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If given 2 lines $\alpha$ and $\beta$, that are created by

  1. 2 points: A and B
  2. 2 plane intersection

I want to find shortest distance between them.

$$\left\{\begin{array}{c} P_1=x_1X+y_1Y+z_1Z+C=0 \\ P_2=x_2X+y_2Y+z_2Z+C=0\end{array}\right.$$
$$A=\left(x_3;y_3;z_3\right)$$
$$B=\left(x_4;y_4;z_4\right)$$
$$\alpha =n_1\times n_2=\left(\left|\begin{array}{cc} y_1 & z_1 \\ y_2 & z_2\end{array}\right|;-\left|\begin{array}{cc} x_1 & z_1 \\ x_2 & z_2\end{array}\right|;\left|\begin{array}{cc} x_1 & y_1 \\ x_2 & y_2\end{array}\right|\right)$$
$$\beta =$$

From here I tried:

The question of "shortest distance" is only interesting in the skew case. Let's say p0 and p1 are points on the lines L0 and L1, respectively. Also d0 and d1 are the direction vectors of L0 and L1, respectively. The shortest distance is (p0 - p1) * , in which * is dot product, and is the normalized cross product. The point on L0 that is nearest to L1 is p0 + d0(((p1 - p0) * k) / (d0 * k)), in which k is d1 x d0 x d1.

Read more: http://wiki.answers.com/Q/If_the_shortest_distance_between_two_points_is_a_straight_line_what_is_the_shortest_distance_between_two_straight_lines#ixzz17fAWKFst

I tried, but failed.

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What do you mean 2 planes intersection? If two planes intersect in $\mathbb{R}^3$ they can only create a line. –  Jon Beardsley Dec 10 '10 at 0:23
    
@JBeardz Sorry, I made this unclear ... It is totally unimportant. I'm looking for a way to find shortest distance of 2 lines in 3D. –  Margus Dec 10 '10 at 0:48
    
The wiki answers page you cite and quote looks to me like a failed copy/paste of something else—the symbols don't make sense to me in the way that they are arranged, suggesting to me that something is missing or out of place. I think the Wikipedia article to which I link in my answer is probably a better resource. –  Isaac Dec 10 '10 at 1:12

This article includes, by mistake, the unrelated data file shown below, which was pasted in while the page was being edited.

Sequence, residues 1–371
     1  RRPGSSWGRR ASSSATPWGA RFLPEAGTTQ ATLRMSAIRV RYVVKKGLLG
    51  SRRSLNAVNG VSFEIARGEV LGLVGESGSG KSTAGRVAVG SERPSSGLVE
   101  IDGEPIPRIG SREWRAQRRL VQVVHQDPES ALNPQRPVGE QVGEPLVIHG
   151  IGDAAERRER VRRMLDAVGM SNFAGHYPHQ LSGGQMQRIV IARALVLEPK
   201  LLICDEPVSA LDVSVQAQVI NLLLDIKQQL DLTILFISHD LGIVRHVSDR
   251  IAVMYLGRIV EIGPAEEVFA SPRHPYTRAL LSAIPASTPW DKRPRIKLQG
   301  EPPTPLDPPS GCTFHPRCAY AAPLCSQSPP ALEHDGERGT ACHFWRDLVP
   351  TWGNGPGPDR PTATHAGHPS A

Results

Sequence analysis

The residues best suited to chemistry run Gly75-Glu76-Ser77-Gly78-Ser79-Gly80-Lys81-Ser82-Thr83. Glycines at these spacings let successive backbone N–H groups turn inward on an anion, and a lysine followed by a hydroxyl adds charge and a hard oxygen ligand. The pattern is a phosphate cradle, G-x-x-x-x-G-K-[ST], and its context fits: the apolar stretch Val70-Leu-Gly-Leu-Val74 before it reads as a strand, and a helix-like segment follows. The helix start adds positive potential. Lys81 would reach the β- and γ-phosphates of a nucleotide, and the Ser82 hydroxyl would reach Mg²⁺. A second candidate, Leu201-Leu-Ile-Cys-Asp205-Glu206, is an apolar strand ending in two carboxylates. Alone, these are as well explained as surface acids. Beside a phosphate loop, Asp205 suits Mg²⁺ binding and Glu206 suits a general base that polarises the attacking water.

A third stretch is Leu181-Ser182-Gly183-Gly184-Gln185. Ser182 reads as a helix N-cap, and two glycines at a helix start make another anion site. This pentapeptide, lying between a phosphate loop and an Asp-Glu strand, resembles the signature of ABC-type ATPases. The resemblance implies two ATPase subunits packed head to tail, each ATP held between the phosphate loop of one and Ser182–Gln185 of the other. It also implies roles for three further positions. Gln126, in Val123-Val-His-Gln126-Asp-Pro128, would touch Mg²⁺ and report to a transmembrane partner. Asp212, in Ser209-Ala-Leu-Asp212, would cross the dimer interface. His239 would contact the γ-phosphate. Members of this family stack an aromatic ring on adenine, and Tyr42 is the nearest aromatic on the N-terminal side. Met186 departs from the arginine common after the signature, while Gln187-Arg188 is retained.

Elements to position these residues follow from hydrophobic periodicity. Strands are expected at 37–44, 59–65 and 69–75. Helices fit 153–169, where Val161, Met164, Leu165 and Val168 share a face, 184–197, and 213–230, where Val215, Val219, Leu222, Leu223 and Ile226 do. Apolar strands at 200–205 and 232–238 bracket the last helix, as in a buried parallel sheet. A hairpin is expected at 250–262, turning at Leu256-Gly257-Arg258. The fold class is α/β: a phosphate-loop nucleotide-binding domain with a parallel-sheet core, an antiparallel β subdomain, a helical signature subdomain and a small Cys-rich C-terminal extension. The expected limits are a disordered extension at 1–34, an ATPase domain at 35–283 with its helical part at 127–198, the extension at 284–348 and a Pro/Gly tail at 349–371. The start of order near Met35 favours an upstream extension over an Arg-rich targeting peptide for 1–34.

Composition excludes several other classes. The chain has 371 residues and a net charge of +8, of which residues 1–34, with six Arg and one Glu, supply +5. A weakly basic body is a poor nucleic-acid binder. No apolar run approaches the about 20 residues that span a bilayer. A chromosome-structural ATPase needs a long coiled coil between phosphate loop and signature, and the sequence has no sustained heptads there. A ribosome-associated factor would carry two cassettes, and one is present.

@Isaac Yes. I'm now struggling to remember how to find $\vec{X_1}$ in case of planes. It would be most helpful, if you could show that. –  Margus Dec 10 '10 at 1:58
    
@Margus: Interestingly, I was trying to remember the same thing when I was thinking about my answer. One way you could try is to pick some arbitrary value of one variable, say $z=0$, and solve the system of the two plane equations with that value to find the corresponding $x$ and $y$ coordinates. –  Isaac Dec 10 '10 at 2:05
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2 Answers

up vote 3 down vote accepted

Per this wikipedia article, if your lines are $\vec{X}=\vec{X_1}+t\vec{D_1}$ and $\vec{X}=\vec{X_2}+t\vec{D_2}$, the distance between them is $$\left|\frac{\vec{D_1}\times\vec{D_2}}{|\vec{D_1}\times\vec{D_2}|}\cdot(\vec{X_1}-\vec{X_2})\right|.$$

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Say you have two lines $\vec L_1 = \vec X_1 + t\vec D_1$ and $\vec L_2 = \vec X_2 + t\vec D_2$.

Start with $(\vec X_1 - \vec X_2)$, which is a skew (non-perpendicular) segment from one line to the other. The distance from $\vec L_1$ to $\vec L_2$ is the component of $(\vec X_1 - \vec X_2)$ that is perpendicular to the lines $\vec L_1$ and $\vec L_2$. We can find this direction by taking the cross product $(\vec L_1 \times \vec L_2)$. After normalizing by dividing by the norm $|\vec L_1 \times \vec L_2|$, take the dot product with $(\vec X_1 - \vec X_2)$ to find the length of the component.

The distance is therefore $$ \left|\frac{\vec{D_1}\times\vec{D_2}}{|\vec{D_1}\times\vec{D_2}|}\cdot(\vec{X_1}-\vec{X_2})\right| = \frac{\left|(\vec{D_1}\times\vec{D_2})\cdot(\vec{X_1}-\vec{X_2})\right|}{|\vec{D_1}\times\vec{D_2}|}. $$

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